Letters of Wreck

7 October 2002

Woooooo! The Twins won! And they have home field advantage for the league championships, and for the Series if it comes to that. All right. Poor Mr. Hocking. The first time he came up to bat in this game, Timprov and I started chanting, "MVP! MVP!" to mock him. And then he did all right. He did well, in fact. So...sorry, Denny. And sorry for your celebratory injury, too.

David Ortiz was quoted after the game as saying that Bud Selig "is probably crying right now." Gosh, I hope so.

By the way, those of you who follow baseball may have your own theories about why the Brewers stunk this year. They may be about team members, or they may be about Selig's karma, but all of them are wrong unless they include the key factor, and that would be: Mark's parents. Seriously. We discovered this last week. Mark said, "Why does the baseball suck everywhere I lived?" He was born in Chicago. Lived in the suburbs of Detroit for awhile. But! Then he went to Gustavus, and the Twins, going to the league championships and all, clearly do not suck. And he moved out here, and the A's have been in the playoffs three years running. And the Giants are still in the playoffs right this very day. No suckage there. But! While Mark was moving around here and there, his parents moved to Tampa Bay and Milwaukee. See? See what I mean? They're the baseball bogon emitters.

Just stay in Milwaukee, dear ones. Please. I suppose you could move to New York or Atlanta, too...but that'd be a pain to drive to, so Milwaukee is good.

I called my grandparents' house when the Twins won, and I hope nobody had any intention of wiretapping that line, because my mom picked up the extension after Grandma answered. It would have been so confusing for the poor Feds if they had any reason to listen in on it. "Who's talking now?" I doubt that there have been very many phone calls with that much similarity of timbre and sentiment. It amused me.

In non-baseball news, I'm writing up my purpose statement for the ASF grant proposal, so that I can send it to the folks who agreed to do letters of rec for me. I hate purpose statements. It has to cover everything under the sun in 500 words or less. I also have to have a project description of approximately three lines. And I have to figure out what sample scenes I'm sending the people who are writing letters of rec, and what writing sample I'm sending the ASF people. 15 pages. Grrrr. What are they going to find out from 15 pages? Precisely nothing. Okay, well, maybe they'll find out whether I can write sentences. Wooo, sentences.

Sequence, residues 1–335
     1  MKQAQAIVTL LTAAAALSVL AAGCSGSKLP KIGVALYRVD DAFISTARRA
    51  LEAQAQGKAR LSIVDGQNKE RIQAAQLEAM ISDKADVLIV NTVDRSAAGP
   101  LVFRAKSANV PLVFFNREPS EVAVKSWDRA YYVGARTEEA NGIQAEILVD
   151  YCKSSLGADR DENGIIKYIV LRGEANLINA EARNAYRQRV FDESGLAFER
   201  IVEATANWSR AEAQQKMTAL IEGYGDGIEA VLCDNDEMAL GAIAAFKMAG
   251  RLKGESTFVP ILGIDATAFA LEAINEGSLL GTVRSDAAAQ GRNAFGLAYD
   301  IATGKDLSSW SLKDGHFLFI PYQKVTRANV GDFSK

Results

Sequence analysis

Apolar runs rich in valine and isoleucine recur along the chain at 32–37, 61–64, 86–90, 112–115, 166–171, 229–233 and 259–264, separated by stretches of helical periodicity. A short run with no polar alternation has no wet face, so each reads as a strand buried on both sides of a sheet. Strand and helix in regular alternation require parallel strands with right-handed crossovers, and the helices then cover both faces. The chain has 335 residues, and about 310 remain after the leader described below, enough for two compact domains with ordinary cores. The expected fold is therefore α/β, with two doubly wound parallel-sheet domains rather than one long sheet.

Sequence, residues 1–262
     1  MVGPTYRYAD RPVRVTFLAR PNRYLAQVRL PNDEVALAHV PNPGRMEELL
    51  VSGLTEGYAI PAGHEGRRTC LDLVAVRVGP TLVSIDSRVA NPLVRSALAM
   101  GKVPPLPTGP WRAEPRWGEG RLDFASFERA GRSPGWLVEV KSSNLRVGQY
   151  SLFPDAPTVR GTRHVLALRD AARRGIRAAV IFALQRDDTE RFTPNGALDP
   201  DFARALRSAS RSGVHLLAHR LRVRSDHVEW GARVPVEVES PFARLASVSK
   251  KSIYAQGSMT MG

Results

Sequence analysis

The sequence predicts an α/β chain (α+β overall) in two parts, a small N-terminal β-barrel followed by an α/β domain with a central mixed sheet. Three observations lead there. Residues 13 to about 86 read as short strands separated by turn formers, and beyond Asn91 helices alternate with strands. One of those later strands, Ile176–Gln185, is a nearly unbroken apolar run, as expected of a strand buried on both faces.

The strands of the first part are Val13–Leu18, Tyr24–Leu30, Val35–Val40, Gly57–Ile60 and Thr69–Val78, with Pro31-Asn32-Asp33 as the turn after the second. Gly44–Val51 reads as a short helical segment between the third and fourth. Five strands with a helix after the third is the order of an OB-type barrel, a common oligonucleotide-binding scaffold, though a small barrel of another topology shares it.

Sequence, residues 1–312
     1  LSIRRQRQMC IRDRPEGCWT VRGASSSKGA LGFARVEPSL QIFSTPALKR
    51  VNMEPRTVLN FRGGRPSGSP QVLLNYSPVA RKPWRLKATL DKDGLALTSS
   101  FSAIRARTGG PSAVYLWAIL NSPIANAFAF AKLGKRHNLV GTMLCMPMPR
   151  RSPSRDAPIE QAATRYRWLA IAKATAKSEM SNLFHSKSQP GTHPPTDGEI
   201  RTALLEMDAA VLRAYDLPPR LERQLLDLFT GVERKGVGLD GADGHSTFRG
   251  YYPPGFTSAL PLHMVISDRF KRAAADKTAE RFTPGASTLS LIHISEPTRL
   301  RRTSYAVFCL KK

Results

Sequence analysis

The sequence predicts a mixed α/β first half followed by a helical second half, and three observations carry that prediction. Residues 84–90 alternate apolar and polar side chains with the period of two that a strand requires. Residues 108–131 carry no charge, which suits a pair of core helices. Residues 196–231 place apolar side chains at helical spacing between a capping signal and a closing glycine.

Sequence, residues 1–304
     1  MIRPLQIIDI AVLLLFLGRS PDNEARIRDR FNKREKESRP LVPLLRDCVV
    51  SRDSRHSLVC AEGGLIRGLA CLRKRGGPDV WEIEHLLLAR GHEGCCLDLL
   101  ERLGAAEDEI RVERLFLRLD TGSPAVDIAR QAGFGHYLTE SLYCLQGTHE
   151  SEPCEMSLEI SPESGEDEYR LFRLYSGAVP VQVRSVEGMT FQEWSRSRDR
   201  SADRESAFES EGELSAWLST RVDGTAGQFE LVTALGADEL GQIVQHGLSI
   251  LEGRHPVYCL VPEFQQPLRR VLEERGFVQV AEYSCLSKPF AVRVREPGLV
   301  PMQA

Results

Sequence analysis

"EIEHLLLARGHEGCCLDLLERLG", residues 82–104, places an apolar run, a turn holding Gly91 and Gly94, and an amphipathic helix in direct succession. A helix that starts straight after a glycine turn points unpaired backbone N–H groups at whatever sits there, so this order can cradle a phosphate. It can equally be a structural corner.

Once again, I really, really hate being judged on something that seems pretty tangential to what I'm doing. I do understand it in this case: they can't just read the whole book for everyone who wants their money, and I wouldn't want them to judge it by the rough draft if they could. But it's still frustrating.

I'm also going over Mindy's letters and essays for her business school applications. I think I'm going to print those, though, because I'm trying to minimize computer time again/still. I'm trying to make sure that I have specific objectives on the computer, and that I leave it alone when I'm not doing something I specifically want to be doing. And I have plenty of scrap paper to print on.

(I think I'm going to have scrap paper for the rest of my life, because just about the time I finish using the scratch from one novel and a few short stories, I write another novel. I think we've had a supply of scrap paper since I finished Fortress. Cuts down on my use of notebook paper, that's for sure.)

So yesterday wasn't quite so much of a reading day as Saturday. Still, I read plenty. I finished American Exorcism, which was really interesting and I do recommend it. I read M. John Harrison's Signs of Life, which I didn't like at all, because I couldn't care about any of the characters. I started into Charles Nicholl's The Reckoning, a nonfiction work about the murder of Christopher Marlowe. There are plenty of interesting tidbits in there, mottoes and minor characters I definitely want to find out more about. I've gotten three title ideas from it so far, not to mention further things to poke at for research. Oddly enough, the death of Christopher Marlowe is interesting in this one book, but I'm not going to get obsessive and read everything I can find about it. If you have a well-done book, fiction or non, that you'd like to recommend on the topic, I'm definitely open to reading it. But it's not going on my library list as a generalization. What is going on the list is a complete set of Marlowe's plays, or at least the ones I don't own -- I'm suddenly in the mood to read or reread them.

Elizabethan England seems remarkably like Nebraska sometimes: only one city to speak of, but a few more with pretensions, and if you don't know somebody in your general socio-economic circumstance, you're likely to know an acquaintance within no more than two or three degrees. Messy for historical detective work, from the looks of it.

I'm not dizzy as I was yesterday -- whew! -- but I still don't particularly want to eat much. But the Tylenol seems to have knocked out the headache I woke up with. Ah well. Things could be worse. Couldn't they always? Perhaps not always. But often.

Back to Morphism.

And the main page.

Or the last entry.

Or the next one.

Or even send me email.